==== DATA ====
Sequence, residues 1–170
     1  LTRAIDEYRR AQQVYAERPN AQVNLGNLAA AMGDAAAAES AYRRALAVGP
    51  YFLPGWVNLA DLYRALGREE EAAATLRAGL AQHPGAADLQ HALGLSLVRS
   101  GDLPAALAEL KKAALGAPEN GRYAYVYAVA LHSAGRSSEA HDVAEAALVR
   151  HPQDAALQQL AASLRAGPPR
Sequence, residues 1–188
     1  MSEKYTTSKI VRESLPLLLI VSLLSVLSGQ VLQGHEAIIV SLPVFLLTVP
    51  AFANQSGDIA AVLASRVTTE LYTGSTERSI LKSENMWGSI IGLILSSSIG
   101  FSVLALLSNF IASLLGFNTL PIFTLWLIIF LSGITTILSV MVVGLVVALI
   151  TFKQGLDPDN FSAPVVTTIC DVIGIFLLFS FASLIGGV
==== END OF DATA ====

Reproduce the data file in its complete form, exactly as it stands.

Sequence, residues 1–170
     1  LTRAIDEYRR AQQVYAERPN AQVNLGNLAA AMGDAAAAES AYRRALAVGP
    51  YFLPGWVNLA DLYRALGREE EAAATLRAGL AQHPGAADLQ HALGLSLVRS
   101  GDLPAALAEL KKAALGAPEN GRYAYVYAVA LHSAGRSSEA HDVAEAALVR
   151  HPQDAALQQL AASLRAGPPR
Sequence, residues 1–188
     1  MSEKYTTSKI VRESLPLLLI VSLLSVLSGQ VLQGHEAIIV SLPVFLLTVP
    51  AFANQSGDIA AVLASRVTTE LYTGSTERSI LKSENMWGSI IGLILSSSIG
   101  FSVLALLSNF IASLLGFNTL PIFTLWLIIF LSGITTILSV MVVGLVVALI
   151  TFKQGLDPDN FSAPVVTTIC DVIGIFLLFS FASLIGGV